EXACTLY.. the scum vermin of WALL ST.. how many times have u heard.. HISTORICALL The S and P. returns 8% annually.. ABSOLUTE BULLSHIT...
look at the NIKKEI
assume u were a fresh grad and u started investing in 1990.. what wud happen. COST AVERAGING to the ground. .u would be ruined..
ALso. I read somewhere FIDELITY MAGELLEN 80 billion holding .the mutual fund. took in like 2 billion fees in 10 years and returned NOTHING
think about it.. all the corporate parties. the swanky lifestyle.. the MANHATTAN offices. .all paid by us. and thet did JACK SHIT for us.
i think there should be MAIN Street and us. hard working folks. .where the @@$^$^ did WALL ST. interject in the middle.. the MASTER PIMPS..
just buy quality stocks.. and hold.. like BUFFET.. now million $ qs. what is quality. ?? remember buffet saying.. close your eyes and think if this cos will be around in 30 years.. saying that he invested heavily in COCA COLA and KRAFT foods..
In some regards, long term investing is like day/swing trading. You need some degree of knowledge, timing and selection as well as learning from mistakes. Buy & hold investing during the past "lost decade" was losing proposition (poor job growth, decreasing household income, a housing bubble, DJIA not far from where it started, etc). Yet doing the same in the 80's and 90's was a big winner. Call it timing. Call it luck. At a minimum, B&H-ers should perform asset allocation which is timing for idiots
This isn't holier than thou preaching. I was on the wrong side of the crash of '87 and had to learn the hard way how painful margin calls are. I gave up some soon to be stellar performers in order to eat the monthly naked puts I sold on expiration Friday, 10/16/87, the trading day before. I still use plenty of margin but now as a PDT but I manage it carefully.
hey spindro, decided to spend my Sunday reading through all the posts, so I started at the very end.
Not too many remember 10/16/87. We didn't have computers we had something called Quotrons, and weren't sure they could handle 3 digits on the DOW. My best trade back then was long the FEB 270 OEX calls.
Oh well, enough about memories, time to get on with the future, or at the very least the present.
Some Sundays you read posts backwards. Some weekdays, I trade backwards.
Apart from essentially owning every stock on 10/19/87 that I sold/rolled naked puts on exp Friday (10/16), that week was chaotic. One position I had was CC's on Bear Stearns which expired a pt. or so ITM. My broker couldn't tell me for 8 days whether I still owned the position or it had been assigned. By the time the sorted out the post crash mess, I still owned BSC.
It held up during the crash because there was some sort of partial tender/investment on the table from someone. Over the next week, BSC dropped 3+ pts ITM resulting in a loss. I threatened arbitration since if I had known that I still owned it, I could have taken action rather than unknowingly riding it down for a week. They eventually gave me an account credit for the difference b/t the crash Monday closing price (just below strike written) and the 8 days later price.
The best trade I made then was getting a mint condition '84 Camaro for my wife
Buffet style, you mean buying enough shares to get on the board and run the company? Or do you mean bending GS over the table for 10% dividend paying issued-just-for-you preferred shares at the height of the financial crisis? Last I checked most people on this board don't have those investment options open to them.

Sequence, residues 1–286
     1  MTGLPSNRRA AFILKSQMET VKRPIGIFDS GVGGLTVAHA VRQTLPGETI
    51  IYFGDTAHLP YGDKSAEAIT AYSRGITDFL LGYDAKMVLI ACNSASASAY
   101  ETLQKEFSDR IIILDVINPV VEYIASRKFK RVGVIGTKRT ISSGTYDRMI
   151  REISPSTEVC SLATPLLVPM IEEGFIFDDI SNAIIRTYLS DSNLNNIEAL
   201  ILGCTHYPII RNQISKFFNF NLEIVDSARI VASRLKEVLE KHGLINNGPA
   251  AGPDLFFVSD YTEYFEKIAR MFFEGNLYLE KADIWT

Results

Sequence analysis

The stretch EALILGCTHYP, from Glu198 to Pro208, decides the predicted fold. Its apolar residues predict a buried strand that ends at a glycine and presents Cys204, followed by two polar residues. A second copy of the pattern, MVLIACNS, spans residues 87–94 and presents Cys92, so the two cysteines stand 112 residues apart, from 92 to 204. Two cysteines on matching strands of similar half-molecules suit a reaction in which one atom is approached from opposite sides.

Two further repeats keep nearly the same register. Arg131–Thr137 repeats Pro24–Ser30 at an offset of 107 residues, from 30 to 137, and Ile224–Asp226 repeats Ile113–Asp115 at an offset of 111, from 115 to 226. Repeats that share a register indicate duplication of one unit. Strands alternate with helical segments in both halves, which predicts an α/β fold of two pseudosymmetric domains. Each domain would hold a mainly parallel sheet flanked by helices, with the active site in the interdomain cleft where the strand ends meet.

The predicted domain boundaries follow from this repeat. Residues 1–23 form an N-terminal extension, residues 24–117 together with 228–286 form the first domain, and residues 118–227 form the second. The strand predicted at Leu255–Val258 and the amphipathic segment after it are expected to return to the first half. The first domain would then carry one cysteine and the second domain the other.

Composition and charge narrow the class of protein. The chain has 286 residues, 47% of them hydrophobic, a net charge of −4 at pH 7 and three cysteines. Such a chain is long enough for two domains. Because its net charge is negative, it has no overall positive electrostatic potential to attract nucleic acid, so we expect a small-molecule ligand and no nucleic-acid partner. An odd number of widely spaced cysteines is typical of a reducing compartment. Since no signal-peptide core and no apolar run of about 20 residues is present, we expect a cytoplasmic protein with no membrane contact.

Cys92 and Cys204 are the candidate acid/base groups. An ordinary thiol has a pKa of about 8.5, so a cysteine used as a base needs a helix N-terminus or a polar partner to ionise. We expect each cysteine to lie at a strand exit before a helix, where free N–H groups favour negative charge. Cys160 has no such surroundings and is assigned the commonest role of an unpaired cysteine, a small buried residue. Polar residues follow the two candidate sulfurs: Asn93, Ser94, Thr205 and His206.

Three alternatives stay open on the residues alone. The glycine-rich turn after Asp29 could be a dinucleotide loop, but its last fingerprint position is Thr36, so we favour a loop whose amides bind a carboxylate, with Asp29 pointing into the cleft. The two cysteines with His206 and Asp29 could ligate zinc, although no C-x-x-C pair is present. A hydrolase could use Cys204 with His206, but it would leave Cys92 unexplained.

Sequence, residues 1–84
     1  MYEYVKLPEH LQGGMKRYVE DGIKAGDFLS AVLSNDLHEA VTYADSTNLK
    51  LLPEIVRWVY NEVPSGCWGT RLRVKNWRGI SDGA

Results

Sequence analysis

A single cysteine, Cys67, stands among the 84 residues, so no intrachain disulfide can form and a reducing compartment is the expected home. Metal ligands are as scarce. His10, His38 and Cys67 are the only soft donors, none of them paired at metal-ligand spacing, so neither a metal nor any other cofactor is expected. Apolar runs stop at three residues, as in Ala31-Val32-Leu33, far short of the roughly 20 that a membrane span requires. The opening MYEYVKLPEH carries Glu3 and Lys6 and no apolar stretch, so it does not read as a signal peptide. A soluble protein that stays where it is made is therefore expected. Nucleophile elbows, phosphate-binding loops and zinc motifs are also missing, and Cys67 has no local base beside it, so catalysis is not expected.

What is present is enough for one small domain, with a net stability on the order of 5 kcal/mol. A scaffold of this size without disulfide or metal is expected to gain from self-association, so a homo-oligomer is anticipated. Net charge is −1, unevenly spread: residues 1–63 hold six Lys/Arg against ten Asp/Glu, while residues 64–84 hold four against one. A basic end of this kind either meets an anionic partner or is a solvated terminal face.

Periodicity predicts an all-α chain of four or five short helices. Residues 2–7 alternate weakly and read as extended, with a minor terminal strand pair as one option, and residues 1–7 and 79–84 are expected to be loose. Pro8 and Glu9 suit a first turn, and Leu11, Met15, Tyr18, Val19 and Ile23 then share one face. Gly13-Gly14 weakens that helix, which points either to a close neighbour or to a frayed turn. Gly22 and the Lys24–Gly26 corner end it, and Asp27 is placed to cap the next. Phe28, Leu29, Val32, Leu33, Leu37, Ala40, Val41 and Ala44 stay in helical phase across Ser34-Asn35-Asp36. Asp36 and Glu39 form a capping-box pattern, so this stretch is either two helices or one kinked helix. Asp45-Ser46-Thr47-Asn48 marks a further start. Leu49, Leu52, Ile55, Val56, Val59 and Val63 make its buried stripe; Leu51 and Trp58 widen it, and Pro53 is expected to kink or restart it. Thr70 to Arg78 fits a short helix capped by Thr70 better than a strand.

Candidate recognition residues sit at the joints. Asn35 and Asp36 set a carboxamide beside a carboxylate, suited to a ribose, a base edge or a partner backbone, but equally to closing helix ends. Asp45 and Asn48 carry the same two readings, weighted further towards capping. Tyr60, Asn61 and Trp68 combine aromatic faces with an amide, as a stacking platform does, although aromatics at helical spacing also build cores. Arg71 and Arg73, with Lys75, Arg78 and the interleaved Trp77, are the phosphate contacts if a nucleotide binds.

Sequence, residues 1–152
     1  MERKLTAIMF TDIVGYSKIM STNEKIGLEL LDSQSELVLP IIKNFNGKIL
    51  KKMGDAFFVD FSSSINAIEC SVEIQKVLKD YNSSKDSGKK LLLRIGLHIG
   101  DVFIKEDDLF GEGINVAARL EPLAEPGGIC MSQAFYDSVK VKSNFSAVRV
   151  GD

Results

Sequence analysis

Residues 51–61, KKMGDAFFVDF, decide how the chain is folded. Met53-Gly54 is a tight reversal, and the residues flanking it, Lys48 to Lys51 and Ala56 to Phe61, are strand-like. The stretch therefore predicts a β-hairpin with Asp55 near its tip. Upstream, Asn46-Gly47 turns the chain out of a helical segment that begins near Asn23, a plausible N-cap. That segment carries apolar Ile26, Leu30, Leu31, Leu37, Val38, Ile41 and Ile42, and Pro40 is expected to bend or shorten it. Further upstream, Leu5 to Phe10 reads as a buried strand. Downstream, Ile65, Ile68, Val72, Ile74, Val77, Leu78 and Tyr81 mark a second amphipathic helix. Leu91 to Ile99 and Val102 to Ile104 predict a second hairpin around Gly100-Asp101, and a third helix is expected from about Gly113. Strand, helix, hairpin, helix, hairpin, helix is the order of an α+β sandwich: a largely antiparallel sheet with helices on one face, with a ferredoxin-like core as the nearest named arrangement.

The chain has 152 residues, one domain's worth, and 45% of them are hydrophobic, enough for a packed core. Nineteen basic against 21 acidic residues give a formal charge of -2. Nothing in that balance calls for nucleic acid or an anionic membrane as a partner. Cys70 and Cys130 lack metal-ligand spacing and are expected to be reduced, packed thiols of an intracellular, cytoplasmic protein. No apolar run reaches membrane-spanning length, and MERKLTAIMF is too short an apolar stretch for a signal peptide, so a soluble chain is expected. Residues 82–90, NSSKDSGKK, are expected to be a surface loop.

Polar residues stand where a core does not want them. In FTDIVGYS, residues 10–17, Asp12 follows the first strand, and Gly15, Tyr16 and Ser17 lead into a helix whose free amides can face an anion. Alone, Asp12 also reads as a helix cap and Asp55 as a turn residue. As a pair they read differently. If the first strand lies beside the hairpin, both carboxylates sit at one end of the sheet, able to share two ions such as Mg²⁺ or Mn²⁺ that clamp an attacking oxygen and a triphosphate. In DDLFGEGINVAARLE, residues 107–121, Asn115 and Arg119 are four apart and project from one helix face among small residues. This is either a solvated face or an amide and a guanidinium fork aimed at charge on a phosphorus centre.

For options, my advice is read all of the option articles on investopedia.com, then Options as a Strategic Investment by McMillan, then Option Volatility and Pricing by Natenberg. Someone earlier said never sell naked puts, I disagree, for example selling naked puts in March 2009 would have been a great trade. The thing that gets people into trouble with options, in my opinion, is when they try to force a strategy onto a market that isn't right for it, doing things like selling condors every month to collect "income" regardless of the underlying market conditions. I find that you have to be very flexible with your approach and take what the market gives you, so to speak.
Don't listen to these guys on this board , just learn basics and start trading , buy calls or puts. Trade only SPY , its more than enough. Black Scoles formula is total BS , and you don't need greeks.
106 winning trades in a row just plugging numbers into BS box, but that was before 1987, hope things never change for you.
Warren Buffet is not rich from buy and hold investing, he buys actual businesses and runs them well (Geico, See's Candies, etc.). He then puts his billions into stocks and lets them ride.
You get rich by starting or owning your business where you get 100% of the profits. If I had $10 billion I would also put a piece of that in Coke and McDonald's stock and let it sit for 10-20 years. So stop using Buffet as the poster boy for buy and hold.
In my opinion he is proof that true wealth comes from owning a business and buying more businesses. And Buffet uses more derivatives than most countries.
Even Buffet uses options on occasion. They are a tool, nothing more.
You might want to try the ThinkOrSwim platform as a learning tool. It's got some great visualization tools to help you get familiar with risk profiles, etc. You can also use their historical testing tool to jump back and test trade to see how various things would have worked.